Vol. IV No. 12 6/15/2023
Key Takeaways from the Planning Board, June 6, 2023
Chair Kate Fletcher called the meeting to order. As the first meeting after the election, new officers were elected: Fletcher was reelected chair; Gary Pitney, Vice Chair; Wayne Slosek, Clerk; Lis Wheeler, rep to Community Preservation Committee.
There was one item on the agenda: review a preliminary plan from 35-37 Interlaken, owner, Pat Sheehan. Immediately, Attorney Jonathan Silverstein, on behalf of Sheehan, explained they had no intention of developing the land according to the plan submitted. Submitting the plan was the first step in "effecting a zoning freeze under Commonwealth law."
PB members seemed shocked — apparently believing it was a plan to be implemented. Town Counsel explained Sheehan was within his rights and it was correct about the law: if there is a change to the zoning law, Title 7, Chapter 40A, Section 6 (see below) allows the developer to preserve their options prior to the change in the law provided they submit a plan — followed by a definitive plan within 7 months and those conditions are then good for 8 years.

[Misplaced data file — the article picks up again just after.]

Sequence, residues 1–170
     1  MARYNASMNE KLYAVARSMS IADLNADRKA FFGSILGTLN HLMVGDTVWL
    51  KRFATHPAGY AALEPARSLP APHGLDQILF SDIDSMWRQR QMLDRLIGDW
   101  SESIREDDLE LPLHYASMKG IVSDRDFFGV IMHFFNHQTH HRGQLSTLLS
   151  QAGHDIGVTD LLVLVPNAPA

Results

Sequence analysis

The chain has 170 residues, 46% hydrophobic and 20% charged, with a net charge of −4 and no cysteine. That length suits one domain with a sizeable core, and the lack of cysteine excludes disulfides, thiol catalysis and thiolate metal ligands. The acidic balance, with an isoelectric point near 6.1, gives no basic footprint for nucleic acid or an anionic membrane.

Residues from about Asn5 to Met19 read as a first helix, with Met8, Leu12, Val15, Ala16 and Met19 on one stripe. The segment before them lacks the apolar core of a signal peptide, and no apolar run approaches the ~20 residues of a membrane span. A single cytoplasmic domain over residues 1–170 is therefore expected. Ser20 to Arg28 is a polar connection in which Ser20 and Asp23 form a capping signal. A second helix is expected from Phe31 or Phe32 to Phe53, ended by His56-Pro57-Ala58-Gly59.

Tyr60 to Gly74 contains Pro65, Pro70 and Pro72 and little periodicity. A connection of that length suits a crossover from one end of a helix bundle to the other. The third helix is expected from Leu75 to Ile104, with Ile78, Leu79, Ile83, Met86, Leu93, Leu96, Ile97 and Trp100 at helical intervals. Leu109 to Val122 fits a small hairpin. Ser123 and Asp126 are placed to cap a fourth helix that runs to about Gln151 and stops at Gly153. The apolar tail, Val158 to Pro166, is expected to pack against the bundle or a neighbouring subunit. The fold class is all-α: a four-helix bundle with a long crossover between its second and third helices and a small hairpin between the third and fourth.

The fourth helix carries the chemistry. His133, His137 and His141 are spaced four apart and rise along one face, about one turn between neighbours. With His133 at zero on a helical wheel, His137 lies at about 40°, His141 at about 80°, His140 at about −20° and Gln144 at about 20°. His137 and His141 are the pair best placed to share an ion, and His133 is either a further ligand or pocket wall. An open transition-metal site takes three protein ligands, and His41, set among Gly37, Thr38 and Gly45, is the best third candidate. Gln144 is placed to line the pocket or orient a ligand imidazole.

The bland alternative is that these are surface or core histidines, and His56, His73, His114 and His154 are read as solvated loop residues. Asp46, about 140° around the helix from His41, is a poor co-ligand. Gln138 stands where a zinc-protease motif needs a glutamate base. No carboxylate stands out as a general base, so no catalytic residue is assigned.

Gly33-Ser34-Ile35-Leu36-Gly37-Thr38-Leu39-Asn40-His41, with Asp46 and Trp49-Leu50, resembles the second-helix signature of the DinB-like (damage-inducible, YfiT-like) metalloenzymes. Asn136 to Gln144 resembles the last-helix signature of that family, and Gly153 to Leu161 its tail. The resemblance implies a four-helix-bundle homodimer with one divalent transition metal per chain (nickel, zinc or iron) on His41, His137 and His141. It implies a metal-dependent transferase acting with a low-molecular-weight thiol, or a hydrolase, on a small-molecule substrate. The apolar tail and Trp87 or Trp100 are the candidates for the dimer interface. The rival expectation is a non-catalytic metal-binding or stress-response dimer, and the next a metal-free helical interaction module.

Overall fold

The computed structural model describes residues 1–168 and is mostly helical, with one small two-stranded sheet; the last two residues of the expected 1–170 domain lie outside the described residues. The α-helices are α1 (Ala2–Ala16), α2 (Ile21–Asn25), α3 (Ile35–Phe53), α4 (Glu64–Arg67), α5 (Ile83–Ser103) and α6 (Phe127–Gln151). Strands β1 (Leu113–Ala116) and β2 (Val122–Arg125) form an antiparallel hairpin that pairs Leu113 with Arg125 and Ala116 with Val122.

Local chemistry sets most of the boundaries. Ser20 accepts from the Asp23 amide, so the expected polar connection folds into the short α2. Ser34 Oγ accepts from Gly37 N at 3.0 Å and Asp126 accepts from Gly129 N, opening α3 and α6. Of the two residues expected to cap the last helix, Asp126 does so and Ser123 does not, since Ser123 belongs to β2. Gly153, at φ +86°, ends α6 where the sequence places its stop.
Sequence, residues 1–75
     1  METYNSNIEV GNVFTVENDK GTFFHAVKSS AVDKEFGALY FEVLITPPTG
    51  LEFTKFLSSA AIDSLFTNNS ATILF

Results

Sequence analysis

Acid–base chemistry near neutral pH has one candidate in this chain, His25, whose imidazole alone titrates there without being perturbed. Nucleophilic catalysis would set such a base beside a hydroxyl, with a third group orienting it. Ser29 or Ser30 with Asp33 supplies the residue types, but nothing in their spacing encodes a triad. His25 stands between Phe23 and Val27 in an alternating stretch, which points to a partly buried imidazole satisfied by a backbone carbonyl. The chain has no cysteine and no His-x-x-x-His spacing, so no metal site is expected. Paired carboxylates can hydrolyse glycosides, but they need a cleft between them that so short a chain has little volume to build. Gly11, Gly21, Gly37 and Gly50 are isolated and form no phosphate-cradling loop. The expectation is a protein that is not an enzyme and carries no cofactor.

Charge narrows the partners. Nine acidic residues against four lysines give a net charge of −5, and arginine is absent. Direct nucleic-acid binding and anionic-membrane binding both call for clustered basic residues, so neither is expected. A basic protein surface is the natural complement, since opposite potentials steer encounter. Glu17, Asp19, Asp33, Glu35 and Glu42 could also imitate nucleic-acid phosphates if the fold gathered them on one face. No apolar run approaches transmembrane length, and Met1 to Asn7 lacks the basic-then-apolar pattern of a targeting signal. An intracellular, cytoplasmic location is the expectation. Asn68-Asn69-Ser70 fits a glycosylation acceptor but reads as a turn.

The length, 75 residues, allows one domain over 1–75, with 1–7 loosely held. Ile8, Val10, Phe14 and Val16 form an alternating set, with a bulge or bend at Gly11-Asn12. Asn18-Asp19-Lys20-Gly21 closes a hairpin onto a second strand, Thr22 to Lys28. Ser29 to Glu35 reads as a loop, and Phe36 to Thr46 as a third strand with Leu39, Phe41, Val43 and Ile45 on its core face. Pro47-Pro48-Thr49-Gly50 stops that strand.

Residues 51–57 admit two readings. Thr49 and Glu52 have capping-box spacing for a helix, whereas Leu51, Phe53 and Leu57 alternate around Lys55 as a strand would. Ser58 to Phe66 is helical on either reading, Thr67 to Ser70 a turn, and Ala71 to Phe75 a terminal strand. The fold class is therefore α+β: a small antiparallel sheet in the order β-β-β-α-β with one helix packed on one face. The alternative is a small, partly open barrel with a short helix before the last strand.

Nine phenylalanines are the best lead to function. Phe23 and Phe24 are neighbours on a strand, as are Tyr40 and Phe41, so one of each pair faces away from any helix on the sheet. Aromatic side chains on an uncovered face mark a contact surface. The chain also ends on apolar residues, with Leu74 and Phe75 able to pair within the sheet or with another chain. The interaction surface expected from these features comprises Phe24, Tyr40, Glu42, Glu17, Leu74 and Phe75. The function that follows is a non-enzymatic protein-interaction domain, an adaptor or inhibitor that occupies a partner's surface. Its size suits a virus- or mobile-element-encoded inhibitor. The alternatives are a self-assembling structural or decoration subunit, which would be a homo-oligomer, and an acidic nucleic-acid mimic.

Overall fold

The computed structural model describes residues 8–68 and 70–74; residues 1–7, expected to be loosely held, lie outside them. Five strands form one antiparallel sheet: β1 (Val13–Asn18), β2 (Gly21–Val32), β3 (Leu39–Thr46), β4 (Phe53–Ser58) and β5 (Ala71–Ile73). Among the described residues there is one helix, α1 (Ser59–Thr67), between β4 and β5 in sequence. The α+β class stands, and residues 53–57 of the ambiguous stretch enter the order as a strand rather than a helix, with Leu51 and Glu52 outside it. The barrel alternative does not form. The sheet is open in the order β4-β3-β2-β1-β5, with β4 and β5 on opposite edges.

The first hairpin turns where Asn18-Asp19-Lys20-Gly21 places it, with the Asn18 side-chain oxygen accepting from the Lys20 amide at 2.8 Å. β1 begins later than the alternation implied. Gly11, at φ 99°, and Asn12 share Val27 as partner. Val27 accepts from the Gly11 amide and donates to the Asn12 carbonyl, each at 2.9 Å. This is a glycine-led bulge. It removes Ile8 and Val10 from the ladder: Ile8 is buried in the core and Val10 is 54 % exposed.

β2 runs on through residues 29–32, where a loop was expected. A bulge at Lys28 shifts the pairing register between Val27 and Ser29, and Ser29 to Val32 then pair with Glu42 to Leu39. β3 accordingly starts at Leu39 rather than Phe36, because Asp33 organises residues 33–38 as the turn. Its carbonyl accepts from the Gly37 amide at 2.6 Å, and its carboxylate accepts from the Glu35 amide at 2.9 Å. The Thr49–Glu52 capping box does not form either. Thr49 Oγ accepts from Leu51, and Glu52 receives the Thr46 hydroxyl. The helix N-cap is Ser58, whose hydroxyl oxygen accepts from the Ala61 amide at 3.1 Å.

There was further confusion about whether there was any change to zoning laws (see below — Residential Inclusionary By law). After some questions, meeting adjourned — total meeting time 18 minutes.
Editor's note: On May 15, 2023, the Town voted to change our zoning bylaws to include the Residential Inclusionary Bylaw.
From Mass.gov "The purpose of an Inclusionary Zoning By-law is to increase the supply of housing that is available and affordable to low or moderate income households...The Inclusionary bylaw requires that market-rate housing developments with 10 or more units and in need of zoning relief support the creation of income-restricted housing through: Inclusion of income restricted units within their building development or pay to have them created elsewhere."
To avoid this obligation, 35-37 Interlaken filed a plan prior to Town Meeting according to:
Section 6: Existing structures, uses, or permits; certain subdivision plans; application of chapter — Section 6. Except as hereinafter provided, a zoning ordinance or by-law shall not apply to structures or uses lawfully in existence or lawfully begun, or to a building or special permit issued before the first publication of notice of the public hearing on such ordinance or by-law required by section five...
Photo: Lionel Delevingne